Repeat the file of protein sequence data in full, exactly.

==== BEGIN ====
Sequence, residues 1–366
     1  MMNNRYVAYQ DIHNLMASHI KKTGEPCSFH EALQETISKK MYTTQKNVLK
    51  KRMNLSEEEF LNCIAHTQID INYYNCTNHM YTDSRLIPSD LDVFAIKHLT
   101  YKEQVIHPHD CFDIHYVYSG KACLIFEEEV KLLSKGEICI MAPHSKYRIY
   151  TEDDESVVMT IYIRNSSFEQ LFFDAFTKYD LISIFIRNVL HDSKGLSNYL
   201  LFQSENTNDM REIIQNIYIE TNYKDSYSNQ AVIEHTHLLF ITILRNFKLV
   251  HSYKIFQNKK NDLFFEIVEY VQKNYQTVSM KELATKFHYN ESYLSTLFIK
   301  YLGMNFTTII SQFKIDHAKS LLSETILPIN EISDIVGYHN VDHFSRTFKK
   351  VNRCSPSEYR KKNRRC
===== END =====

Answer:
Sequence, residues 1–366
     1  MMNNRYVAYQ DIHNLMASHI KKTGEPCSFH EALQETISKK MYTTQKNVLK
    51  KRMNLSEEEF LNCIAHTQID INYYNCTNHM YTDSRLIPSD LDVFAIKHLT
   101  YKEQVIHPHD CFDIHYVYSG KACLIFEEEV KLLSKGEICI MAPHSKYRIY
   151  TEDDESVVMT IYIRNSSFEQ LFFDAFTKYD LISIFIRNVL HDSKGLSNYL
   201  LFQSENTNDM REIIQNIYIE TNYKDSYSNQ AVIEHTHLLF ITILRNFKLV
   251  HSYKIFQNKK NDLFFEIVEY VQKNYQTVSM KELATKFHYN ESYLSTLFIK
   301  YLGMNFTTII SQFKIDHAKS LLSETILPIN EISDIVGYHN VDHFSRTFKK
   351  VNRCSPSEYR KKNRRC